#> (Intercept)               22.3    0.5   21.2   21.9   22.3   22.6   23.3
#> sexF                      -0.9    0.3   -1.5   -1.1   -0.9   -0.7   -0.3
#> Fast_Food                  1.2    0.1    1.0    1.1    1.2    1.3    1.5
#> Fast_Food_spatial_scale    0.3    0.0    0.3    0.3    0.3    0.3    0.4
#> sigma                      2.5    0.1    2.3    2.4    2.5    2.5    2.7
#> mean_PPD                  28.6    0.2   28.1   28.4   28.6   28.7   29.0
#> log-posterior           -590.6    1.6 -594.4 -591.4 -590.3 -589.4 -588.5
#>
#> Diagnostics:
#>                         mcse Rhat n_eff
#> (Intercept)             0.0  1.0  5829
#> sexF                    0.0  1.0  5659
#> Fast_Food               0.0  1.0  5213
#> Fast_Food_spatial_scale 0.0  1.0  5636
#> sigma                   0.0  1.0  4542
#> mean_PPD                0.0  1.0  4643
#> log-posterior           0.0  1.0  1781
#>
#> For each parameter, mcse is Monte Carlo standard error, n_eff is a crude measure of effective sample size, and Rhat is the potential scale reduction factor on split chains (at convergence Rhat=1).

Checking our estimates, the model captures the true values very well.

One typical way to check for model goodness-of-fit is via posterior predictive checks. These are available here via the posterior_predict function and the ppc_dens_overlay function from the bayesplot package.

pps <- posterior_predict(fit,draws = 50,seed = 34234)
#> Warning in sweep(eta, 2L, offset, +): STATS is longer than the extent of
#> 'dim(x)[MARGIN]'

bayesplot::ppc_dens_overlay(y = subject_data\$BMI,
yrep = pps) + ggtitle("Posterior Predictive Samples")

We’ll take this as sufficient evidence (for this vignette) that the model works. Further model evaluation can be found in a different vignette, to be added later. Let’s now examine the case when we mis-specify the inclusion distance or superflous data is included.

Mis-Specified Inclusion Distance

While there are tools, such as the dlm package, that can provide an investigator with a sense of what appropriate inclusiong distance to set, it is still worth considering what may occur if the inclusion distance is mis-specified. The following section considers this in two cases of data exclusion: non-informative, and informative.

Non-Informative data excluded

Note that the histogram of distances include many over 1 unit - which from the above graph we know only add “negligible” information.

hist(dists)

Keeping this in mind - let’s see what happens to our estimates when we set the exclusion distance to be 1.25 miles.

fit_125 <- stap_lm(BMI ~ sex + sap(Fast_Food),
subject_data = subject_data,
distance_data = distance_data,
subject_ID = 'subj_id',
prior = normal(location = 0,scale = 5,autoscale = F),
prior_intercept = normal(location = 25, scale = 5, autoscale = F),
prior_stap = normal(location = 0, scale = 3, autoscale = F),
prior_theta = log_normal(location = 1, scale = 1),
prior_aux = cauchy(location = 0,scale = 5),
max_distance = 1.25, chains = 4, iter = 2E3, cores = 4)

We excluded about half of the total data (not exactly even across individuals)

sum(dists<=1.25)/sum(dists>=0)
#> [1] 0.9994909

and yet the estimates are still very good

Informative data excluded

Now let’s see what happens when we mis-specify the maximum distance and this results in a loss of “meaningful” Built Environment Features.

fit_25 <- stap_glm(BMI ~ sex + sap(Fast_Food), subject_data = subject_data,
distance_data = distance_data,
family = gaussian(link = 'identity'),
subject_ID = 'subj_id',
prior = normal(location = 0,scale = 5,autoscale = F),
prior_intercept = normal(location = 25, scale = 5, autoscale = F),
prior_stap = normal(location = 0, scale = 3, autoscale = F),
prior_theta = log_normal(location = 1, scale = 1),
prior_aux = cauchy(location = 0,scale = 5),
max_distance = .25, chains = 1, iter = 6E2) 

We can now see that our spatial scale and the corresponding effect are biased

The shift in estimate, in addition to increased noise, is to be expected since we’re increasingly missing informative data for our spatial parameter.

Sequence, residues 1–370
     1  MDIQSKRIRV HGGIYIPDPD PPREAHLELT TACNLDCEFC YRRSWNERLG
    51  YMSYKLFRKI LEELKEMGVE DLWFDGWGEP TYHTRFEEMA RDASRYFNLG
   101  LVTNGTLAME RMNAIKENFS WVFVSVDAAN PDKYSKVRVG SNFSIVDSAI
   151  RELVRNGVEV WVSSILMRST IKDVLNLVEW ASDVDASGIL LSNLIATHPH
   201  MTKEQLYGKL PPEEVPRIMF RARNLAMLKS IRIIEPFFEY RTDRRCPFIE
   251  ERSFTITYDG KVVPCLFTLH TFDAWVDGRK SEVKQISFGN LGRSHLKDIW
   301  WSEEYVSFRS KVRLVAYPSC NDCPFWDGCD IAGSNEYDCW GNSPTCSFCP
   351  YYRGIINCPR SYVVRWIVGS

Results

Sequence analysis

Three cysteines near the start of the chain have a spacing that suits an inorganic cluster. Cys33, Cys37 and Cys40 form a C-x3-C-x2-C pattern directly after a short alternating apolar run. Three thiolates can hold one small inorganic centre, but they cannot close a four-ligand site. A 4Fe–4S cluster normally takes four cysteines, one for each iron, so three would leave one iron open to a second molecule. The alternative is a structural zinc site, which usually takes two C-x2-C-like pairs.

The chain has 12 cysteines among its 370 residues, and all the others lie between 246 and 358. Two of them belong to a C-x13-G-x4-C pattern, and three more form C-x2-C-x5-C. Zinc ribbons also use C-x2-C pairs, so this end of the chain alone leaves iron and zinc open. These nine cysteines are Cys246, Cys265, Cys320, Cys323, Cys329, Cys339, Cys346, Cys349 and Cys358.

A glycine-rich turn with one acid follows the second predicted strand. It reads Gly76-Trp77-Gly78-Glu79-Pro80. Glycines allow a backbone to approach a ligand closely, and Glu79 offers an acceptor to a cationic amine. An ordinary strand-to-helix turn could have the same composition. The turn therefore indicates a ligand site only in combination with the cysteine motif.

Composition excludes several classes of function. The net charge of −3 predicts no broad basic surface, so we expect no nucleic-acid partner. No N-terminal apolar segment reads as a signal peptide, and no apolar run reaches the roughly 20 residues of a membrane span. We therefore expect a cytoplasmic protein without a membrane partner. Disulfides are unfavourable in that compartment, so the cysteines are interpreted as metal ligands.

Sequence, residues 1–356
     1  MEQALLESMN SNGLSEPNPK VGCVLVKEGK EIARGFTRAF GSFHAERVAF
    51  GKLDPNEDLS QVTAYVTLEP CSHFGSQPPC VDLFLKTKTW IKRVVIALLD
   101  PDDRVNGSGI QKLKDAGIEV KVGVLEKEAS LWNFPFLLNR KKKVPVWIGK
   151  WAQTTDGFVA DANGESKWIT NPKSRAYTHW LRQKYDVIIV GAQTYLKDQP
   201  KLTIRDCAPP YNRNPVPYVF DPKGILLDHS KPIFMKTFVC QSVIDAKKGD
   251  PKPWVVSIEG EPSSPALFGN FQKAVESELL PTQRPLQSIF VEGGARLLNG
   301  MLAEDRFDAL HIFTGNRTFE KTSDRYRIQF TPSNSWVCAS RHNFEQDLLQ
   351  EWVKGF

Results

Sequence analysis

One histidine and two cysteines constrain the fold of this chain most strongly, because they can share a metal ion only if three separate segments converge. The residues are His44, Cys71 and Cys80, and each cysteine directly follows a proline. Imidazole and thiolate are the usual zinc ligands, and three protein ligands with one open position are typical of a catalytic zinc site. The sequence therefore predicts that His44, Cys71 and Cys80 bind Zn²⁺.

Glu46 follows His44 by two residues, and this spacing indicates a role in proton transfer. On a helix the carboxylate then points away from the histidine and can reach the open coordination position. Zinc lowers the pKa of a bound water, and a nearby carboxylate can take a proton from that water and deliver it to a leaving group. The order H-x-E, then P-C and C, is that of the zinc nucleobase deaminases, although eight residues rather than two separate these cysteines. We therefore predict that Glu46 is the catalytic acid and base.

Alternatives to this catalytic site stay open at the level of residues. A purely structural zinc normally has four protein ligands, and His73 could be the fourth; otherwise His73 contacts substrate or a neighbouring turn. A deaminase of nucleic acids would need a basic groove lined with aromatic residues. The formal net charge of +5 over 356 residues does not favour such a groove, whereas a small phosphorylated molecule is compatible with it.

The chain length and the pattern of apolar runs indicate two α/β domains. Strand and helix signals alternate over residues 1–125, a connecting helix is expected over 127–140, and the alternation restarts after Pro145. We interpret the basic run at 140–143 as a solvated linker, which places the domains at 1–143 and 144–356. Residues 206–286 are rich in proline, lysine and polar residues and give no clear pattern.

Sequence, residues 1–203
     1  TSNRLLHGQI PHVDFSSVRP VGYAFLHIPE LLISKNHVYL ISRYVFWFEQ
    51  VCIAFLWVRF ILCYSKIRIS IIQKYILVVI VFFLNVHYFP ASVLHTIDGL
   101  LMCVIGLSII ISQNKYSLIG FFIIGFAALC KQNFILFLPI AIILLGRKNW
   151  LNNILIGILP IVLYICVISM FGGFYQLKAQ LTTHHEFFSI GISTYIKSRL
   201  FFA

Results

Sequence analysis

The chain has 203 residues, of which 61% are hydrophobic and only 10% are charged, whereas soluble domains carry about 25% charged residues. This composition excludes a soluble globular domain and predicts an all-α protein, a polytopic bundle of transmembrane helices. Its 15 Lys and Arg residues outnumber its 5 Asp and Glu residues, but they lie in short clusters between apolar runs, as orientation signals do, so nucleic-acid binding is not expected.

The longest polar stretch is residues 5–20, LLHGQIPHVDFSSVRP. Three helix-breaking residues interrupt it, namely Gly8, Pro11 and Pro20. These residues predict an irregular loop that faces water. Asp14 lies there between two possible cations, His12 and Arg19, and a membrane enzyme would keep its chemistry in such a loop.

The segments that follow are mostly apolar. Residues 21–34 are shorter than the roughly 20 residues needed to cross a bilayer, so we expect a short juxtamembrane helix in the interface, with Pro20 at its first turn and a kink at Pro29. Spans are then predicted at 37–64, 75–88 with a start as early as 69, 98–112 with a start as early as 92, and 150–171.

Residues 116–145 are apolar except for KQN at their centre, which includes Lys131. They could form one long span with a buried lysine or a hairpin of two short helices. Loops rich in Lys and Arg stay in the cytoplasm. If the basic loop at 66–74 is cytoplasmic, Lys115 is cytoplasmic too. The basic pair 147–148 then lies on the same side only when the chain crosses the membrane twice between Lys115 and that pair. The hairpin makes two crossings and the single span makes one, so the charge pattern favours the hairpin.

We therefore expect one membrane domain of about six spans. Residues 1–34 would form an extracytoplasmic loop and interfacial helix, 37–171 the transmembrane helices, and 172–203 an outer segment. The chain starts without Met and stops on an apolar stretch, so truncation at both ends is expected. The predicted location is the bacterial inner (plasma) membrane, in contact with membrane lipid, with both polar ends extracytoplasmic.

Extreme Missing data

To show the consequences of using an extreme inclusion distance - extreme with respect to the true terminal inclusion distance - we simulate the data under an alternate scale. Note that the following exposure curve does not even terminate at the maximum distance between a “Fast Food” store and a subject.

d <- seq(from = 0, to = max(dists), by = 0.01)
X_theta_one <- pracma::erfc(d/theta_2)
plot(d,X_theta_one,type='l',main = "Exposure Decay Function", xlab = "Distance",
ylab = "Exposure",ylim = c(0,1))

Fitting the model on a reduced domain of distances from the terminating distance,results in an highly inflated estimate of the spatial scale, as the posterior will attempt to approximate the second graph shown below - an exposure relationship that is approaching uniform on the domain of distances “observed”.

plot(d,X_theta_one,type='l',main = "Exposure Decay Function - reduced domain", xlab = "Distance",
ylab = "Exposure",ylim = c(0,1), xlim = c(0,.5))

Simulating a dataset under this model and fitting an rstap model to it with the restricted domain…

dists <- fields::rdist(as.matrix(sub_df[,1:2]),
as.matrix(bef_df[,1:2]))
X <- apply(dists,1,function(x) sum(pracma::erfc(x/theta_2)))
## center and scale the exposure effect for ease of exposition/numerical stability
X_tilde <- (X-mean(X))/sd(X)
BMI <- alpha + Z*delta + X_tilde*beta + rnorm(n = num_subj, mean = 0, sd = sigma)

subject_data_unif <- data_frame(subj_id = 1:num_subj,
BMI = BMI,
sex = factor(Z,labels=c("M","F")))

fit_unif <- stap_glm(BMI ~ sex + sap(Fast_Food),
subject_data = subject_data_unif,
distance_data = distance_data,
family = gaussian(link = 'identity'),
subject_ID = 'subj_id',
prior = normal(location = 0,scale = 5,autoscale = F),
prior_intercept = normal(location = 25, scale = 5, autoscale = F),
prior_stap = normal(location = 0, scale = 3, autoscale = F),
prior_theta = log_normal(location = 1, scale = 1),
prior_aux = cauchy(location = 0,scale = 5),
max_distance = .25, chains = 4, iter = 2E3,cores = 4) 

We can see a much wider estimate of the scale parameter, and the corresponding effect is biased down from where it should be.

Here is a plot of the estimate on the full domain of the data - we can see that the exposure function approximation becomes less accurate on the set of distances not included in the model.

As can be seen below, the approximation is quite good on the reduced domain, but the reduced number of distances results in a wider uncertainty interval, and the constrained domain results in an inflated estimate. The take home lesson here being, that if the effect of some BEF extends out a certain distance, but you don’t have data at that distance, your estimate will become biased to reflect the spatial exposure curve under the distances observed.

Caveats

It is important to note the limitations of these simulations. To begin with, the exposure covariate $$\tilde{X}$$ is an unknown function of the distances between the subjects and the businesses and the spatial scale. Thus these simulations do not represent the probably more realistic scenarios in which:

1. The decay function is mis-specified or

2. Multiple built-environment features are of interest.

These will be the subject of future vignettes.